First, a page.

Monday, August 21, 2017


Tell me about yourself. What got you started in writing?

I was raised in Riverton, Utah and am the fourth child in a large family. Growing up I discovered I had dyslexia and was sent to resources classes. I hated words and could barely write or read. In 9th grade, my English teacher gave the assignment to write a short story using dialogue. I did everything possible to get out of the assignment. My wonderful teacher, Rosie Ruff, wouldn’t budge. Instead, she helped me push through. Inch by inch, I discovered I enjoyed the creative process  The scenes came to live in my head. Once I turned in the story, I began writing for myself and never stopped.

How do you schedule your writing time? When do you write?

I don’t have a particular time to write. When I can fit it in, I do. Often times, I’ll skip extracurriculars to ensure I do get writing done.

How and where do you write? Do you prefer a laptop or some other method of getting your words down?

I write on my laptop, when possible. If I don’t have it with me, I use my phone or grab paper and whatever writing utensil I can to make notes for when I get home. At the moment, I'm writing in my bedroom, in a large, red, rocking chair. I play soundtracks and classical music matching the mood of the scene and off I go. Dialogue is usually a great place for me to pick up from when I have taken a break, I can jump right into the moment. I try to begin at soon as possible in the day. My brain enjoys jumping into the story fifteen minutes before bedtime. Many times, I roll with it and stay up until three to get a scene written.

What's your favorite part about writing? Your least favorite part about writing?
I don’t have a favorite part of writing. I enjoy all of it in turn. Development is a blast. Seeing characters come to life and then take off in directions I wasn’t planning for them to go in. Conflict and battle scenes get my adrenalin going, but usually, require me to go a bit slower. I want to make sure I get battles right. I even enjoy the revision process, especially when I see eye to eye with my editor. Collaboration to make my work better or see it in a way I hadn’t consider, gets me excited, most days.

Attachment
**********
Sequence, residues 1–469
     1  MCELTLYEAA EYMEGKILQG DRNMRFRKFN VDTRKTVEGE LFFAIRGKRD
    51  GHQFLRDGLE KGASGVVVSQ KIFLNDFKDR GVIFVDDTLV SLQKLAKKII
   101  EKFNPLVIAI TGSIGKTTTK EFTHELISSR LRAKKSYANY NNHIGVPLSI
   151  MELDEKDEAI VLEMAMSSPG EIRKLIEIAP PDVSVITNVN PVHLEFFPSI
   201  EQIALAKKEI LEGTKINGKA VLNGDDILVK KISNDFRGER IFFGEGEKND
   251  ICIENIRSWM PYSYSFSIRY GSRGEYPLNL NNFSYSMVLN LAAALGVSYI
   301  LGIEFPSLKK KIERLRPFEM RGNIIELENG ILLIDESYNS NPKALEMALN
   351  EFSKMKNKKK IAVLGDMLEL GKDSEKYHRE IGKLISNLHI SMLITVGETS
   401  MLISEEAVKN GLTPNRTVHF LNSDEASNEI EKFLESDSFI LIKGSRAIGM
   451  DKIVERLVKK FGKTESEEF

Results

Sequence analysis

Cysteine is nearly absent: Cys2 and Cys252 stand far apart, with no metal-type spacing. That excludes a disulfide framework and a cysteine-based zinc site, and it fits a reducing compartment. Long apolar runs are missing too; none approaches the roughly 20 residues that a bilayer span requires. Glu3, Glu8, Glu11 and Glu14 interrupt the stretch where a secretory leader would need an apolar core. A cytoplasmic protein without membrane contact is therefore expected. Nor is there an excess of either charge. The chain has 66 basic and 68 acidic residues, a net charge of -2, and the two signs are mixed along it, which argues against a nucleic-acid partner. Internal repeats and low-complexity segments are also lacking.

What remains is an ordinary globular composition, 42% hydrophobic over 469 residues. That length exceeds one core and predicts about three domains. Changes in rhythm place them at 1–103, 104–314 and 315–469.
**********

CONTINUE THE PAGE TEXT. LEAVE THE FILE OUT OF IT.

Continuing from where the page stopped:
My least favorite part is the anxiety; the anxiety of being judged. The anxiety of letting my dyslexia get the best of me. Worrying that perhaps, my fantastic story idea isn’t as mind-blowing as I believed it to be in my euphoric state of madness of development.

How did you come up with your book idea? How long did it take you to write your book?

I came up with the idea of Deadly Seven from a dream I had back in 2007. The dream gave me the basic concept and my wonderful family helped me develop around it. I managed to write the first draft in eleven months.

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What types of marketing do you do to promote your writing?

At the moment, my marketing tactics have been Facebook, Twitter, and local events: Local Authors & You, Spring into Books and Barnes & Noble’s Author Palooza and word of mouth. 

What are you currently working on? Do you have a new book out?

I am working with an editor to finalize the other two books in the Deadly Trilogy, Deadly Fables, and Deadly Consequences. To keep my creativity going, I am working on Fantasy/ Sci-Fi, working title “Ragnarok”. A twenty-something woman working through mental illness gets swept up in her delusions and is carried away to Asgard, home of the Norse gods, only to discover, she’s not as crazy as she has been forced to believe.

Do you have a project on the backburner? Tell me about it.

I currently have eleven books started or somewhat developed waiting for my attention. I enjoy using myths and conspicuous theories combined with aspects of our day-to-day lives. I mix sci-fi and fantasy together quite a bit.

What would you tell a beginning writer who wants to publish but doesn't believe he/she has enough talent?

I would tell new writers, any time you write or read, you’re learning and getting better at your craft. Write for the sheer love of writing. Fear stems from being judged, if the focus shifts to fear, the love gets lost in the shuffle. Every person has at least one story inside them, just bursting to get out. Write the first draft for yourself and write it with all the love you are capable of. If your work is written in love, you can’t miss.

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 A Question for Kathryn:

Is there actually a right or wrong way to write and publish?

We each have our own voice and we each have our own direction to follow. We should write what brings us joy, not what is currently selling online at Amazon. We should publish the way we want to publish. I began traditionally and decided that being traditionally published wasn't for me. Now I self-publish and have my own company where I assist other authors in publishing.

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